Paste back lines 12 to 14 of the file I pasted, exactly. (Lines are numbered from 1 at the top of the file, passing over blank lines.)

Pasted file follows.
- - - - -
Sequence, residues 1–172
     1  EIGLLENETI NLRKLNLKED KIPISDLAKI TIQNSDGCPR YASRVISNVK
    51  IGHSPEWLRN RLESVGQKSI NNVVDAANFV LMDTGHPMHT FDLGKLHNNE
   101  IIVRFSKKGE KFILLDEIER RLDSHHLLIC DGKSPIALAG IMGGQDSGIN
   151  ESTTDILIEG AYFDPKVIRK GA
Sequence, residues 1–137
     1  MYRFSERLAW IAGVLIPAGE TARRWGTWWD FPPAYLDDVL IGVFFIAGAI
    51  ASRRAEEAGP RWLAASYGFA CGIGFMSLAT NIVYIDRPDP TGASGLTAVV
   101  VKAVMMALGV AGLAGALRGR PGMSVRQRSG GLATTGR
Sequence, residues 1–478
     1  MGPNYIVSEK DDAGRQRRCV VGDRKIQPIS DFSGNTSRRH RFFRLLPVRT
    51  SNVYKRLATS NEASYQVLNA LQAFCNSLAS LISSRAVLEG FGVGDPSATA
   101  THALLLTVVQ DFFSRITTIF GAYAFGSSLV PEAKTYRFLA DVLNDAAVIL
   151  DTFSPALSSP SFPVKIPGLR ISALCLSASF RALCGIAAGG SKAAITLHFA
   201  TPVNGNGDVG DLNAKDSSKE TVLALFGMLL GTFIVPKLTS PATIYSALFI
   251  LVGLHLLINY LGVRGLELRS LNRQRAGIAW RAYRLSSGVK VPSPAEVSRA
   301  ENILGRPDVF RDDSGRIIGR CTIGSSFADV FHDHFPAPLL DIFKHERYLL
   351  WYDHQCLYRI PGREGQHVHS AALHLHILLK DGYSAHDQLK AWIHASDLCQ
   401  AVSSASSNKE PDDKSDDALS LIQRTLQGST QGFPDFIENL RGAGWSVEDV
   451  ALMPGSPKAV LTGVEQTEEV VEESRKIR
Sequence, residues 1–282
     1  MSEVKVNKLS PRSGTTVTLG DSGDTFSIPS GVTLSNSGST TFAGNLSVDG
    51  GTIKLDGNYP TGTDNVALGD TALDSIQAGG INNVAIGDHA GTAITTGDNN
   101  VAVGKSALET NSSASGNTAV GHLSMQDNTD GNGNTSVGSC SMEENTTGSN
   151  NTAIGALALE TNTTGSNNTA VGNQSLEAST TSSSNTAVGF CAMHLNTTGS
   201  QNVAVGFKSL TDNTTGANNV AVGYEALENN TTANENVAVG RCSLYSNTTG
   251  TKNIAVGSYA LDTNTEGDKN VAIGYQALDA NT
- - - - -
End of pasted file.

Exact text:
    51  SNVYKRLATS NEASYQVLNA LQAFCNSLAS LISSRAVLEG FGVGDPSATA
   101  THALLLTVVQ DFFSRITTIF GAYAFGSSLV PEAKTYRFLA DVLNDAAVIL
   151  DTFSPALSSP SFPVKIPGLR ISALCLSASF RALCGIAAGG SKAAITLHFA